My first encounter with the credit-assignment problem occurred when I was a journal editor. A serious problem arose with a multiauthored paper that was published in the journal. The problem was of sufficient gravity to warrant publishing a retraction. The authors agreed on what the problem was and which of them had committed the error. The only remaining issue was whose name should appear on the retraction. The original publication did not spell out which author was responsible for which aspect of the research. I argued that all of the original authors needed to sign the retraction, which they eventually did. Authorship is both credit and responsibility. I wonder how often graduate students eager for authorship consider that if you accept credit you also have to accept whatever discredit may befall the publication down the road.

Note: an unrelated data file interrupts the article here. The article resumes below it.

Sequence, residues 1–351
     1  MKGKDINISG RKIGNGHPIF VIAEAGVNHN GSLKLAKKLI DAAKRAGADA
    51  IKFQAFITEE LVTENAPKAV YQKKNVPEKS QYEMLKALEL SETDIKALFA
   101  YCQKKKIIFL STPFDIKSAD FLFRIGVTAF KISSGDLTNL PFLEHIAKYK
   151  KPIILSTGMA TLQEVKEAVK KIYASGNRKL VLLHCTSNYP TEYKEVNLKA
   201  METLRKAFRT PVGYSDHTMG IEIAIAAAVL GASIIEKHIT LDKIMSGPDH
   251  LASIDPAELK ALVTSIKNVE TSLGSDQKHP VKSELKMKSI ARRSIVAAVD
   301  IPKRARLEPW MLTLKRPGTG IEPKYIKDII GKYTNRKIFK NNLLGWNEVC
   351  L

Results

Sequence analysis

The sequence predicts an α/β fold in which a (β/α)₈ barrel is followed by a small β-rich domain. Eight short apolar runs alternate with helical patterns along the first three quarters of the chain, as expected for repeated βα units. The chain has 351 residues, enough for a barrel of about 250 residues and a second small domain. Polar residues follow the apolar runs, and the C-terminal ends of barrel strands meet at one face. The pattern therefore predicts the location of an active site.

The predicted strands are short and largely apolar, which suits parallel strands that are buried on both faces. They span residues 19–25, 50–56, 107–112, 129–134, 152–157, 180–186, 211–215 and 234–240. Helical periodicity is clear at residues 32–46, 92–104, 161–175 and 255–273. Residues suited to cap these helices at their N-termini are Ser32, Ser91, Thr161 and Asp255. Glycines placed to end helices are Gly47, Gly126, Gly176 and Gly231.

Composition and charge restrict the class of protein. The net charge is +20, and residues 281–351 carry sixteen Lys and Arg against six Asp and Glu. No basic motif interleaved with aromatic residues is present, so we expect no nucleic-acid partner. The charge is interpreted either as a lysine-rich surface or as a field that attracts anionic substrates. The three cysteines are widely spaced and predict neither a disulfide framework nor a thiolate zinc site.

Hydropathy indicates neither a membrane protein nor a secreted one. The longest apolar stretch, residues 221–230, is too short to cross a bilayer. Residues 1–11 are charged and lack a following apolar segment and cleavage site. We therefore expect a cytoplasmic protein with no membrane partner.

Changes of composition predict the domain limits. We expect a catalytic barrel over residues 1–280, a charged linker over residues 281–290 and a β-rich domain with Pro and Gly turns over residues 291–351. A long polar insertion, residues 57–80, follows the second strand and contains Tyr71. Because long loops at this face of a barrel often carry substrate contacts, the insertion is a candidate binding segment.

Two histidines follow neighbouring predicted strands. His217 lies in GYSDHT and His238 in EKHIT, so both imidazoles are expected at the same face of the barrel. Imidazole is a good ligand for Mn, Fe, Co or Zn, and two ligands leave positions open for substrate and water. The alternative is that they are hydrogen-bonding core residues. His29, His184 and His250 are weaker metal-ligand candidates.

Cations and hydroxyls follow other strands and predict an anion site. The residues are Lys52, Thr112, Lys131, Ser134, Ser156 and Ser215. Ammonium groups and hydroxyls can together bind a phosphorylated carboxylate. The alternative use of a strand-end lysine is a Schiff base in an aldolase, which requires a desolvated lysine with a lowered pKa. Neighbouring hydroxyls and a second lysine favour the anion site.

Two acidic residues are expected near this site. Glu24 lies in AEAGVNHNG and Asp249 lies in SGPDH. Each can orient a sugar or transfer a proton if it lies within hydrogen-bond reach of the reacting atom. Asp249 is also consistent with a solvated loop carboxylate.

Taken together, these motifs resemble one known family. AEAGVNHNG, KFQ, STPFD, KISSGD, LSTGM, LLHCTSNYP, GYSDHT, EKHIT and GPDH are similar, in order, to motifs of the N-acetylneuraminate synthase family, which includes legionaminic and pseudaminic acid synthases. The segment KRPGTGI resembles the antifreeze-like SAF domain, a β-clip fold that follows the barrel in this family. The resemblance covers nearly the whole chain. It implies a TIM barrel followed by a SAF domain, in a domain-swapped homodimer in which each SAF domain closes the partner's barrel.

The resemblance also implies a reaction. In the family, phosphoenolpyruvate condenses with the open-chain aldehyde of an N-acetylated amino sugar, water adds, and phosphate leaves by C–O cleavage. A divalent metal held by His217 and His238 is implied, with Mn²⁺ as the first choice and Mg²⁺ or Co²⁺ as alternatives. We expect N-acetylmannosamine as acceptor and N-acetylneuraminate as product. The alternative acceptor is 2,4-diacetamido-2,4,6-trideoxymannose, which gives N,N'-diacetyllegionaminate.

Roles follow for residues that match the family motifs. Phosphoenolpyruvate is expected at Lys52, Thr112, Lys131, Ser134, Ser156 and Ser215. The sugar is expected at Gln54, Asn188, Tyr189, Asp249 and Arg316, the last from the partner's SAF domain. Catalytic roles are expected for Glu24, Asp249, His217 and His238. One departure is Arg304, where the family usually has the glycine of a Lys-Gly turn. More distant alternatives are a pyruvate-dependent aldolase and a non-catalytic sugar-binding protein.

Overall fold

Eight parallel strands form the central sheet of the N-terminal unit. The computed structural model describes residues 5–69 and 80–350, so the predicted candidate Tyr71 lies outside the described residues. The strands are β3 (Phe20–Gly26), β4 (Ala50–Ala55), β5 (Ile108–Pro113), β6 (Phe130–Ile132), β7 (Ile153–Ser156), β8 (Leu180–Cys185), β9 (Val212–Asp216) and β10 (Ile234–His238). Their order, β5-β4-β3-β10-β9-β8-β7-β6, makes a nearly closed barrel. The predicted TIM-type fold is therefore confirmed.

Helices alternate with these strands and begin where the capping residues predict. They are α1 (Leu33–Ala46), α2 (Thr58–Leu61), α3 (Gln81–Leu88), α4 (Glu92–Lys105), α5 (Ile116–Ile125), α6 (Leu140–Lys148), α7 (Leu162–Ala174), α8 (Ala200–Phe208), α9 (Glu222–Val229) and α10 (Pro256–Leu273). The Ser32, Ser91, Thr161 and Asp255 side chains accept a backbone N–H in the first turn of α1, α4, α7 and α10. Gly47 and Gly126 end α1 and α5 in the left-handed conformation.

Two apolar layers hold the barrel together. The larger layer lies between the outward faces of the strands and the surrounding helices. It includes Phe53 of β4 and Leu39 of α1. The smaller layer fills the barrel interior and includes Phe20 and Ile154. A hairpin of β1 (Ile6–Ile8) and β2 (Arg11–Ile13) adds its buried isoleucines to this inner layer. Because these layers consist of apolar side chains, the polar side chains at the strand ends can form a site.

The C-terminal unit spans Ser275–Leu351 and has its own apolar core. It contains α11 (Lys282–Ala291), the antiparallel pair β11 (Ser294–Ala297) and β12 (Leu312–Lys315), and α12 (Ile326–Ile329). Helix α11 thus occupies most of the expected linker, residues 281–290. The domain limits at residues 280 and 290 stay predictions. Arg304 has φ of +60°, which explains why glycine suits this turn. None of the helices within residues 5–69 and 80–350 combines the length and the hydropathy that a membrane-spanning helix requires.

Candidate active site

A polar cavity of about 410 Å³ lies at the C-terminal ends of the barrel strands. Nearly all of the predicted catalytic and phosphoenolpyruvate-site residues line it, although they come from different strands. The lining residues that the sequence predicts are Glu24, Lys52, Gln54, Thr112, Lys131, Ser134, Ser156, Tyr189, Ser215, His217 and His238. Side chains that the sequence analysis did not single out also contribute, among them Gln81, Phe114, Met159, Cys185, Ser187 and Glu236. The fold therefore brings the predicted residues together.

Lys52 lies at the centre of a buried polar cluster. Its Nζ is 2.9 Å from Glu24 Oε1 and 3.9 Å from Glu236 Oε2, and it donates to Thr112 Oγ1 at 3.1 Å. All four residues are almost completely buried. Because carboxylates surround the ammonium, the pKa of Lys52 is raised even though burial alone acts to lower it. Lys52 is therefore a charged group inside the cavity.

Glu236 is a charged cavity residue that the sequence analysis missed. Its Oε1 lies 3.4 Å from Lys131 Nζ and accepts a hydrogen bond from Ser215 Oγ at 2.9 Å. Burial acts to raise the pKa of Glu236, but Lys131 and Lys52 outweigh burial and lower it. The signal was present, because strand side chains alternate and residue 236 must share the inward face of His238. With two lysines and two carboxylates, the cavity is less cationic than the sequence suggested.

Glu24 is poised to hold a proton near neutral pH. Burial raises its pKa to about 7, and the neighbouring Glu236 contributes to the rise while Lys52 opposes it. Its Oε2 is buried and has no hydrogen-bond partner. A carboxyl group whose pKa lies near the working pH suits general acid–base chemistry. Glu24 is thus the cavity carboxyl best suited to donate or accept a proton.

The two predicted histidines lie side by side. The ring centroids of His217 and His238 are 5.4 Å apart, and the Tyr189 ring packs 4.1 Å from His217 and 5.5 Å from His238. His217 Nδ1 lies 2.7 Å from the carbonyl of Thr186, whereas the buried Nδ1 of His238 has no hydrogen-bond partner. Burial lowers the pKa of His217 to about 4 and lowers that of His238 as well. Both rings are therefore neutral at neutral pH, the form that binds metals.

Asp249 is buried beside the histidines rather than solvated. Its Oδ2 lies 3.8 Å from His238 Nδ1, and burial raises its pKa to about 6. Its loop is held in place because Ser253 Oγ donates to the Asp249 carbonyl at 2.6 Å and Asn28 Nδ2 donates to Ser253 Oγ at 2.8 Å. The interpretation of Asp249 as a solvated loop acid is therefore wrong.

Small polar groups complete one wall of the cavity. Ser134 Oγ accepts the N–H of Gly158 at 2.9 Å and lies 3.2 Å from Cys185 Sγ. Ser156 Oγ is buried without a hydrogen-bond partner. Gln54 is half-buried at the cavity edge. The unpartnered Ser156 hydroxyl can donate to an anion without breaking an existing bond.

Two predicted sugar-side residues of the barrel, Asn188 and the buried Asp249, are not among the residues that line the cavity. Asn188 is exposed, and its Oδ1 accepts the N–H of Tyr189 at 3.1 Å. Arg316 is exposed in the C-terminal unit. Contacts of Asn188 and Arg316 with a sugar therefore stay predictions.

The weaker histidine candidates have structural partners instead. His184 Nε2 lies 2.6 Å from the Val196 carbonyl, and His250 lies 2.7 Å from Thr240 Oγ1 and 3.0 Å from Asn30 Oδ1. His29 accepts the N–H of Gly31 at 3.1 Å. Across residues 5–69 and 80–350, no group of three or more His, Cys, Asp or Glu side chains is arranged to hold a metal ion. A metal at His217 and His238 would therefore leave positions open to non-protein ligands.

Another memorable encounter with the credit-assignment problem occurred during a discussion I had as department chair with a faculty member who was applying for tenure. The tenure process required specifying the percentage of effort that was contributed by the candidate to each of their publications. In this case, several of the candidate’s publications included numerous authors. I pointed to one of these and asked how much of the work in the publication was done by the candidate. The reply was “80 percent.” This claim immediately raised another question: if the candidate did 80 percent of the work, why were there four other authors? Assuming that those four other authors contributed equally, does a 5 percent contribution warrant authorship? Not in my view. Furthermore, how is a reader to discern that the relative contributions of the authors ranged from 5 percent to 80 percent? By convention, the order of authorship is supposed to convey some information about relative contributions, but I doubt that anyone expects that the variation in credit and responsibility would range from 5 percent to 80 percent.